Shareholders'

Non-controlling

equity

interest

80,546

(139)

Group equity

80,407

8,227 88,773

8,227 (139)

88,634

(4,081)

(4,081)

259

259

4,111

13

4,124

(2,102)

(14)

(2,116)

(1,813) 86,960

(1) (140)

(1,814) 86,820

1 The change in the accounting policy refers to pensions. For more information, refer to note 6 'Change in accounting policy'.

Non-controlling interest relates to the consolidated subsidiary Dalice Qingdao Trading Company Ltd., 30% of the shares of which are held by a company outside the group. Please see note 31, Shareholders' equity (see page 80)to the company balance sheet for a breakdown of shareholders' equity.

18 Product funds in thousands of euros

2015

2014

Book value as at January 1

5,967

5,909

Withdrawals

(1,686)

(1,802)

1,486

1,822

30

38

5,797

5,967

Additions recognised in the result Interest Book value as at December 31

The product funds are short-term and subordinated. The rate of interest is based on the one-month EURIBOR rate plus a mark-up of 0.5%.

Notes to the consolidated balance sheet

65


19 Provisions The provisions are as follows: in thousands of euros

2015

20141

Pension provision

8,928

8,943

Deferred tax liabilities

17,527

26,831

Other provisions Book value as at December 31

14,180

18,387

40,635

54,161

1 The comparative figures have been adjusted for the change in accounting policy for pensions. For more information, refer to note 6 'Change in accounting policy'.

Of the total provisions as at 31 December 2015, approx. EUR 11 million (2014: EUR 15 million) will be settled within one year and approx. EUR 23 million (2014: EUR 37 million) after five years. The development in the provisions is as follows: Pension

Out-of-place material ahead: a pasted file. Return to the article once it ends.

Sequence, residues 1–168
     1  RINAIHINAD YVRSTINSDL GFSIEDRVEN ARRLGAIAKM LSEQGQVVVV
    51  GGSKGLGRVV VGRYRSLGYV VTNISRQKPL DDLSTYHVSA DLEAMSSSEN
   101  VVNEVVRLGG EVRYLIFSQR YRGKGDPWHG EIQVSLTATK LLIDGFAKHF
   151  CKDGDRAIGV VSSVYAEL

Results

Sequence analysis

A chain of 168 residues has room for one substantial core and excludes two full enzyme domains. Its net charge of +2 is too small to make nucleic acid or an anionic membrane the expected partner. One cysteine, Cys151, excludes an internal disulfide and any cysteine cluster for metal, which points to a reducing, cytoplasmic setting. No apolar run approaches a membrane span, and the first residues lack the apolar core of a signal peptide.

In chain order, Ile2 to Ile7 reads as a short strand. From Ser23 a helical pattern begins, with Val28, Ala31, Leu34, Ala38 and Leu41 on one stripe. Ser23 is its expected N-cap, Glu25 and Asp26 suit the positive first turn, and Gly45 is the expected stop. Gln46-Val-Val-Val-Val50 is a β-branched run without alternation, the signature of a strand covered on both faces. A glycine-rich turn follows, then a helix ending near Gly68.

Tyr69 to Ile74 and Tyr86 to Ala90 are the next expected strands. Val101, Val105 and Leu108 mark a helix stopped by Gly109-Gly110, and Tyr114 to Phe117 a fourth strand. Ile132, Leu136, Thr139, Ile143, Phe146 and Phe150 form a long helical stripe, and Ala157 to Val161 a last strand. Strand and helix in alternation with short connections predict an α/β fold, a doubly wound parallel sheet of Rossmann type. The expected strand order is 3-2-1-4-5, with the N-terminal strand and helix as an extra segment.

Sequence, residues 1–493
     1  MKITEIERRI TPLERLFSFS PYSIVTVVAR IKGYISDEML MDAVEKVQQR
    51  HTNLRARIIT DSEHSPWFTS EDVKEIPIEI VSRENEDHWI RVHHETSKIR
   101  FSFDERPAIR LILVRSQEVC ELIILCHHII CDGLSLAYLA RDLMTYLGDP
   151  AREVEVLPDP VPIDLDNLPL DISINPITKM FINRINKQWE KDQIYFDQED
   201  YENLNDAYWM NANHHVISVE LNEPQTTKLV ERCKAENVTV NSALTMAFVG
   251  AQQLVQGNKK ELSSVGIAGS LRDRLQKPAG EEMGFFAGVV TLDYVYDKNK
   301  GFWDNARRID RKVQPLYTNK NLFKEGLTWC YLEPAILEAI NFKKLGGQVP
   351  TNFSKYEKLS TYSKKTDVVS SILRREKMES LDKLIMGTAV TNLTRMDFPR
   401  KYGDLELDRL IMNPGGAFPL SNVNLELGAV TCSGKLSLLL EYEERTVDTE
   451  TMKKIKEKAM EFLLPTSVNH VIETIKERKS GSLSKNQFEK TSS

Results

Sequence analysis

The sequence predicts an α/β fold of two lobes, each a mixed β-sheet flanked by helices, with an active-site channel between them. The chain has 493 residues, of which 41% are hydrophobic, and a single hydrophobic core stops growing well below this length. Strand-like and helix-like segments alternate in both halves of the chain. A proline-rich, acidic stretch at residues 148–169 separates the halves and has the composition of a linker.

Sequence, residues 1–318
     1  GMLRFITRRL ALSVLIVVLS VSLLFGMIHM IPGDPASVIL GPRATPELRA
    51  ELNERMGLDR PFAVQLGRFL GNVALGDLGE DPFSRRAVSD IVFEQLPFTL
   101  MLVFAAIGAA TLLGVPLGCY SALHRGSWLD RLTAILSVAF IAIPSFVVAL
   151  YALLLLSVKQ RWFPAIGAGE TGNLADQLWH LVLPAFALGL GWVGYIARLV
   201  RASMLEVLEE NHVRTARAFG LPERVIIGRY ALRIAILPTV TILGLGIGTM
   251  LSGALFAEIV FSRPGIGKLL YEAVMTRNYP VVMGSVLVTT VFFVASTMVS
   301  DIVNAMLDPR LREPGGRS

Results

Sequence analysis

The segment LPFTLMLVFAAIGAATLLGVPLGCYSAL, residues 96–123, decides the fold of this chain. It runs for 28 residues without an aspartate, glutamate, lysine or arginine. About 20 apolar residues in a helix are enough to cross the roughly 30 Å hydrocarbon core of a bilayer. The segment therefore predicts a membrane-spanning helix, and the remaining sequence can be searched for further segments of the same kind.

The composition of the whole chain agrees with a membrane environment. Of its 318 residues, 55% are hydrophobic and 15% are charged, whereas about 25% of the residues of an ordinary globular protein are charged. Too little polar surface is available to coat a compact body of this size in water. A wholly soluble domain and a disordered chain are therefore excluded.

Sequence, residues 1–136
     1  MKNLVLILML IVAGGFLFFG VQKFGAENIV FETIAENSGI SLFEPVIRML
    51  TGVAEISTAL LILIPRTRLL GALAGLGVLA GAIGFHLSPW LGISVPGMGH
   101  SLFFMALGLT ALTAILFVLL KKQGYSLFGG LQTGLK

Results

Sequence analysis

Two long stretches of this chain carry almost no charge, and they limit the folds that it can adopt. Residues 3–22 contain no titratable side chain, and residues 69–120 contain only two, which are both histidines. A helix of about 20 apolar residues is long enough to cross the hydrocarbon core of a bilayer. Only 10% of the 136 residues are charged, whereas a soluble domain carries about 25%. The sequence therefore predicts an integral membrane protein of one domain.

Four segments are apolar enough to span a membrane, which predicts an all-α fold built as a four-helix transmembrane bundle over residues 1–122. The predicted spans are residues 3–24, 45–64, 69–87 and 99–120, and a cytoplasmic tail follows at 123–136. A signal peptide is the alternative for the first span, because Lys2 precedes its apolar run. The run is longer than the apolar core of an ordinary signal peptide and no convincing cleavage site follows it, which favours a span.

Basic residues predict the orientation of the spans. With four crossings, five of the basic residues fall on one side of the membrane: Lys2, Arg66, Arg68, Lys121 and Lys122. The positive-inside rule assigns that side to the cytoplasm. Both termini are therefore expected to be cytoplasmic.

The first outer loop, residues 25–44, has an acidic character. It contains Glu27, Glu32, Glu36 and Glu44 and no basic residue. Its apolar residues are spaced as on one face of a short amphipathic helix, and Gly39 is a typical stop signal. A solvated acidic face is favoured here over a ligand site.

Deferred tax

Other

provision

liabilities

provisions

Book value as at January 1, 2015

21,562

23,676

18,387

Change in accounting policy1

(12,619)

in thousands of euros

Book value after change in accounting policy

8,943

Withdrawals

(18)

Additions recognised in the result

475

Book value as at December 31, 2015

(472) 8,928

63,625

3,155 26,831

(9,464) 18,387

54,161

(5,811)

Reversal recognised in the result Other movements

Total

(9,304) 17,527

(5,829)

7,021

7,496

(5,415)

(5,415)

(2) 14,180

(9,778) 40,635

1 The change in the accounting policy refers to pensions. For more information, refer to note 6 'Change in accounting policy'.

Pension provision The group contributes to a number of defined benefit plans in the Netherlands and the UK. The defined benefit pension is based largely on average salary and partly on final salary. The Dutch pension plans and the international pension plans (where they are comparable to how the Dutch pension system is organised and operates) are stated according to the ‘liability towards the pension administrator’ principle. Most of the other countries have defined contribution plans. Regarding the UK pension fund, the calculations are based on actuarial assumptions with future liabilities discounted at a rate of 3.8% and with due regard for an inflation rate of 3.3%. In addition, the calculations incorporate an expected rate of return on assets of 3.8%, an expected future salary increase of 1.0%, the S2NXA CMI mortality table for 2015 and an expected future increase in deferred pensions of 3.3%. Given the present value of the assets in the fund versus the present value of the liability, the pension fund currently show a net deficit of EUR 3.7 million, for which a provision has been formed in the balance sheet. A

66

Notes to the consolidated balance sheet